Intrahippocampal administration of amyloid-β(1-42) oligomers acutely impairs spatial working memory, insulin signaling, and hippocampal metabolism.J Alzheimers Dis 2012; 30(2):413-22JA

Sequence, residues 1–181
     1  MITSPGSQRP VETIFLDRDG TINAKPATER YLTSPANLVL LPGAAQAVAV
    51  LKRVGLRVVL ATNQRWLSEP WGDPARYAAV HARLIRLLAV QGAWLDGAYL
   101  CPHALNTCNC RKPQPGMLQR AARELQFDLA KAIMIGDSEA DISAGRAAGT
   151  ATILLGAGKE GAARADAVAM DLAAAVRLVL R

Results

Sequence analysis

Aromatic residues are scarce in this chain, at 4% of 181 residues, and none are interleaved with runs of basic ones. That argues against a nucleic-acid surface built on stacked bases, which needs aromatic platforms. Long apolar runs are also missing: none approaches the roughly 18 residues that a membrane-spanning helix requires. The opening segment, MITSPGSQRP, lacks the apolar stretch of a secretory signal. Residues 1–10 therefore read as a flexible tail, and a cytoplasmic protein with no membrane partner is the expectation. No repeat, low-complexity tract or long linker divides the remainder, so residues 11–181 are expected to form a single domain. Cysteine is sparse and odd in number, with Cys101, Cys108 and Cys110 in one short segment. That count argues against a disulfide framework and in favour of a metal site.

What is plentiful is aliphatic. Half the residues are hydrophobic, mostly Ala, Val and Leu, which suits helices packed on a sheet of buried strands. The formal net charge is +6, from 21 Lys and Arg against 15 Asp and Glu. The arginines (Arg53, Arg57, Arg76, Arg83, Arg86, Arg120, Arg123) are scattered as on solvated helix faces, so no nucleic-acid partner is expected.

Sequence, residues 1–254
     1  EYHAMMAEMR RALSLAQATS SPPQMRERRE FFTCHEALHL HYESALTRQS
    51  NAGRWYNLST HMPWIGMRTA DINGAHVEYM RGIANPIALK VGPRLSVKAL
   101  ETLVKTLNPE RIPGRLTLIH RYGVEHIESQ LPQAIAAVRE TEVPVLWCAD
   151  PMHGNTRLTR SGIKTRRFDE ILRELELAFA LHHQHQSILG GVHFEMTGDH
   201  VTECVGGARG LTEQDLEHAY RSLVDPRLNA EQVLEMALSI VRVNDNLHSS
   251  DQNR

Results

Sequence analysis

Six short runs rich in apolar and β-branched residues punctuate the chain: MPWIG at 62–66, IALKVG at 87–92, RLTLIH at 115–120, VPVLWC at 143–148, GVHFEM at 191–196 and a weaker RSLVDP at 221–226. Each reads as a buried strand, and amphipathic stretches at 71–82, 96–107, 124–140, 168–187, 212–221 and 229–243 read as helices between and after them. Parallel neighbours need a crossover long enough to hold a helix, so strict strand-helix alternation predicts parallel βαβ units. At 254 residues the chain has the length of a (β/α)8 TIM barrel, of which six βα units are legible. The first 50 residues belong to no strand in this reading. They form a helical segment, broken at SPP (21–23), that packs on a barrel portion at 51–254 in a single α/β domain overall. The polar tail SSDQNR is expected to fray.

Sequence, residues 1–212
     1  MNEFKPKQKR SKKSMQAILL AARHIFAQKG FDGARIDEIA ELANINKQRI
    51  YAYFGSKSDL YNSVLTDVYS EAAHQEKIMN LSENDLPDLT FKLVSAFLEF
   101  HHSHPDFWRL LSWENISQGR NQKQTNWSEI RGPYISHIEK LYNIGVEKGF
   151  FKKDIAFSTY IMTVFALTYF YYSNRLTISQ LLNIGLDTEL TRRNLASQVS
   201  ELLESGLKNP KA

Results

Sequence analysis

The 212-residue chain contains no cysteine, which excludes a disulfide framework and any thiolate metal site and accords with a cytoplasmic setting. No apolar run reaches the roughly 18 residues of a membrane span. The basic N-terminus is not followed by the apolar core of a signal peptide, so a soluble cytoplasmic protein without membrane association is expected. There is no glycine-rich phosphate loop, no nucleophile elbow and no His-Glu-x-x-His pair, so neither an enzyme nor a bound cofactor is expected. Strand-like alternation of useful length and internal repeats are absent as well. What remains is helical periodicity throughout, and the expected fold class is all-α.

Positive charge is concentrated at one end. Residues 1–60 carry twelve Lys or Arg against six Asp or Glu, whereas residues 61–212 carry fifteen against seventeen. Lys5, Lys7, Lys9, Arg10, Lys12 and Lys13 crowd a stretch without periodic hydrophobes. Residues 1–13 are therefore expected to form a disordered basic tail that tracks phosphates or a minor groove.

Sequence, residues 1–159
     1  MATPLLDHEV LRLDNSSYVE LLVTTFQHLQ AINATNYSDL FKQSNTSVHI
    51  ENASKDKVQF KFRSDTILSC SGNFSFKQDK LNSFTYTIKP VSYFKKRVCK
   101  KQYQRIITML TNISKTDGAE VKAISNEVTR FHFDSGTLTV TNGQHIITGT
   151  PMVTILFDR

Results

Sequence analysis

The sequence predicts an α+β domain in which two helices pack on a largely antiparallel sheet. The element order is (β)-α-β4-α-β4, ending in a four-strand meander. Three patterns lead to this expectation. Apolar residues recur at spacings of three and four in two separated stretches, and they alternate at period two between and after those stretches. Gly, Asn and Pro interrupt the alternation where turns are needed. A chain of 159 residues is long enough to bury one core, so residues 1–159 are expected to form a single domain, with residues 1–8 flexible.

Increasing evidence suggests that abnormal brain accumulation of amyloid-β(1-42) (Aβ(1-42)) oligomers plays a causal role in Alzheimer's disease (AD), and in particular may cause the cognitive deficits that are the hallmark of AD. In vitro, Aβ(1-42) oligomers impair insulin signaling and suppress neural functioning. We previously showed that endogenous insulin signaling is an obligatory component of normal hippocampal function, and that disrupting this signaling led to a rapid impairment of spatial working memory, while delivery of exogenous insulin to the hippocampus enhanced both memory and metabolism; diet-induced insulin resistance both impaired spatial memory and prevented insulin from increasing metabolism or cognitive function. Hence, we tested the hypothesis that Aβ(1-42) oligomers could acutely impair hippocampal metabolic and cognitive processes in vivo in the rat. Our findings support this hypothesis: Aβ(1-42) oligomers impaired spontaneous alternation behavior while preventing the task-associated dip in hippocampal ECF glucose observed in control animals. In addition, Aβ(1-42) oligomers decreased plasma membrane translocation of the insulin-sensitive glucose transporter 4 (GluT4), and impaired insulin signaling as measured by phosphorylation of Akt. These data show in vivo that Aβ(1-42) oligomers can rapidly impair hippocampal cognitive and metabolic processes, and provide support for the hypothesis that elevated Aβ(1-42) leads to cognitive impairment via interference with hippocampal insulin signaling.